How to Copy an Equation from MathType to Lyx

Recently, I’ve been using Latex with Lyx instead of Microsoft Word to format my dissertation and research papers. I find managing the formatting to be much easier, and the layout is guaranteed to be consistent throughout the document. However, much of what I have done previously was in Word, and I often want to transfer math equations I wrote previously in MathType over to Lyx rather than rewriting them from scratch.

While the method is somewhat of a nuisance because of the terrible way MathType handles Latex, it is certainly possible, and can often be faster than rewriting an equation.

  1. In Microsoft Word, select the MathType equation you want to copy over to Lyx.
  2. Click the MathType tab at the top of Word. Click Toggle Tex. This will convert the MathType equation image into Latex code.
  3. Copy the Latex code. In my example, I get:
    \[\hat{F}(u,v)=\left[ \frac{{{H}^{*}}(u,v)}{{{\left| H(u,v) \right|}^{2}}+{1}/{\text{SNR}}\;} \right]G(u,v)\]
  4. Insert a new math formula field in Lyx. Here is the tricky part. You cannot simply paste the Latex code you have copied directly into this formula field. Otherwise, it will show up as text, not a formatted equation, like so:
  5. MathType adds the \[ characters to the beginning and the \] characters to the end of the Latex code. DELETE these characters before pasting into Lyx. (For multi-line equations, MathType also may surround the Latex code with \begin{align} and \end{align}. These must be deleted too to paste into Lyx properly). In my example, I end up with:
    \hat{F}(u,v)=\left[ \frac{{{H}^{*}}(u,v)}{{{\left| H(u,v) \right|}^{2}}+{1}/{\text{SNR}}\;} \right]G(u,v)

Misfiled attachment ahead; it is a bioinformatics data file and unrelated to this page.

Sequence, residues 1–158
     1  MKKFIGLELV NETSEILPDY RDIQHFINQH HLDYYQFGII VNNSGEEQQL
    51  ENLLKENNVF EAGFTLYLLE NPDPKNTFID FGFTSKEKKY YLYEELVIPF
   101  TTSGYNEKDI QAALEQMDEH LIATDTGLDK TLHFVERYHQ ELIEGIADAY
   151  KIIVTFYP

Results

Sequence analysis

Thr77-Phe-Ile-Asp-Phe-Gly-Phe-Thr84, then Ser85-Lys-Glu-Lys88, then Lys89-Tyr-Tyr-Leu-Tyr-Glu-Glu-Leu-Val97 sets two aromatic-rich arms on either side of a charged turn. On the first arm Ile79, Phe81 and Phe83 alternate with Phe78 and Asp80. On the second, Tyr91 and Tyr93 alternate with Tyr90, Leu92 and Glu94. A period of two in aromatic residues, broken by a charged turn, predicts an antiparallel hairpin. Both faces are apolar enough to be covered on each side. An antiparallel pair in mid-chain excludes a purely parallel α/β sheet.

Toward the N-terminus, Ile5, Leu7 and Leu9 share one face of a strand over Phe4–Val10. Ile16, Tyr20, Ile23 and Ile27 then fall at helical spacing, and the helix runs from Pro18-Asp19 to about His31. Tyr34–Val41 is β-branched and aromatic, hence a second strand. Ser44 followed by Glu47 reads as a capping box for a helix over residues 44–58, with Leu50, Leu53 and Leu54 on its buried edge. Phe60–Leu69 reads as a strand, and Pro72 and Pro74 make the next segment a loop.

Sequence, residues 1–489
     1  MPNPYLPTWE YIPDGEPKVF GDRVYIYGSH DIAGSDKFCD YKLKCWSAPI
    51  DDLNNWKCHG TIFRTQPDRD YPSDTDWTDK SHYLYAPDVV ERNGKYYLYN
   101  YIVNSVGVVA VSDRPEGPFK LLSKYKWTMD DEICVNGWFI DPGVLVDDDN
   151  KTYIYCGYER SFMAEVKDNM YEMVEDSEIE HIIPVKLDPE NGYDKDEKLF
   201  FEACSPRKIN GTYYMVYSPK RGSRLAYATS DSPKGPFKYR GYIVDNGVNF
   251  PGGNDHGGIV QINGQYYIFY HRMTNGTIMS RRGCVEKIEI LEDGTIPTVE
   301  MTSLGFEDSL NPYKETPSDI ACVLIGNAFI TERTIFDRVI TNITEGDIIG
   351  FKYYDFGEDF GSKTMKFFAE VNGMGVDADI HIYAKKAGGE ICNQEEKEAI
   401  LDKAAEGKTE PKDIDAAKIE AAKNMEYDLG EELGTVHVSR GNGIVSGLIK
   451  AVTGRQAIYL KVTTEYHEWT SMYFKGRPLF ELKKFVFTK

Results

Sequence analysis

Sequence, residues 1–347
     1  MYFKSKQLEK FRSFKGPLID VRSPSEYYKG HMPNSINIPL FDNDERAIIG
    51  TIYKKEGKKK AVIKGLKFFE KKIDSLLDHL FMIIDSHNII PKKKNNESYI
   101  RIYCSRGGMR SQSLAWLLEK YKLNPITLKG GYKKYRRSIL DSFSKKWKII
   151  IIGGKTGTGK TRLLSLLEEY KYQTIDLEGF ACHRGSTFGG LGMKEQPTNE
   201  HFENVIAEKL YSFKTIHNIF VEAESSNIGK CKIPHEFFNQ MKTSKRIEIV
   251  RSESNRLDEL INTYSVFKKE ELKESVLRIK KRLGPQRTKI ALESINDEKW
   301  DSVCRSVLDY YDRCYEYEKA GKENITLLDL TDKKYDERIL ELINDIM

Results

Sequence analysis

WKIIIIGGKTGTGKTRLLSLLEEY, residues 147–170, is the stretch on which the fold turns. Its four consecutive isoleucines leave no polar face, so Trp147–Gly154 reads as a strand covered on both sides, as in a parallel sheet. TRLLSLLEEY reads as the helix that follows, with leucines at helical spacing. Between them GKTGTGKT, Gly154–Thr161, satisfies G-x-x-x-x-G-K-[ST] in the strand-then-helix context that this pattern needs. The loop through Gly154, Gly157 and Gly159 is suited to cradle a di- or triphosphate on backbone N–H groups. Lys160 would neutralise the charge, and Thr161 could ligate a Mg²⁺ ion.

6. With the extra two characters removed from the beginning and end of the Latex code, the code will paste properly into Lyx:
  7. However, as you can see in the example, MathType inserts extra braces into the Latex code, more than are necessary. These must be removed manually, but at least the majority of the equation formatting is preserved and recognized by Lyx’s formula editor. Once removed, you are done!

This method was tested using MathType 6.5 and Lyx 1.6.8

10 comments on “How to Copy an Equation from MathType to Lyx

  • 6
    bahmanpars says:

    This is better
    open MathType >>>> choice preferences from menu >>>> select cut and copy preferences >>>> just select ( MathML or TaX )
    then select Inline equation at Format in the menu.
    It’s ready for transfer equations of word to Lyx or LaTex.
    Open equation from word to MathType then copy equation and paste to Lyx.
    In Lyx select equation and click (Insert math).

  • 7

    And what happen if the text it’s too long?
    I found a better way, but if I say something about that many people will be angry with me, because it’s better fight a little with this stuff….but….I can give a clue: be “Libre”. Bye

  • 8

    What “bahmanpars” it Says, work very good, but if you have MathType with license or before trial over.

  • 10
    Rodolfo Oviedo says:

    You convert all equations to TeX at once:
    – select the whole document (e.g. pressing Ctr+A)
    – Toggle TeX

    If you want to convert one by one the following is better:

    • Open MathType. Menu > Preferences > Cut and copy preferences > MathLM or TeX.

    Then, for each equation:

    • Open the target MathType equation. Inside it, press Ctr A , Ctr +, Ctr C (keep the Ctr key pressed while typing A,  + and C).

    • In LyX, paste in text environment (not equation environment).

    • Remove \[ from the beginning and \] from the end of the pasted text. If there are aligned equations, remove \begin{align} and \end{align} as well.

    • Select what is left from what was copied and press Ctr+M if you want an inline equation or Ctr+Shift+M if you want a displayed equation.

    • Remove the curly brackets { }. Not to remove anything else, position the cursor just after { and delete it with the backspace key. This removes the closing one as well.

    Notice that you can see the cursor just to the left of { and after pressing the left arrow key (<-) you may still be to the right of {, which means that you were not just close to {. To make sure you are, do one of the following:

    – Click the opening curly bracket.

    – Position the cursor to the left of {. Then, use the right arrow key to move just after {.

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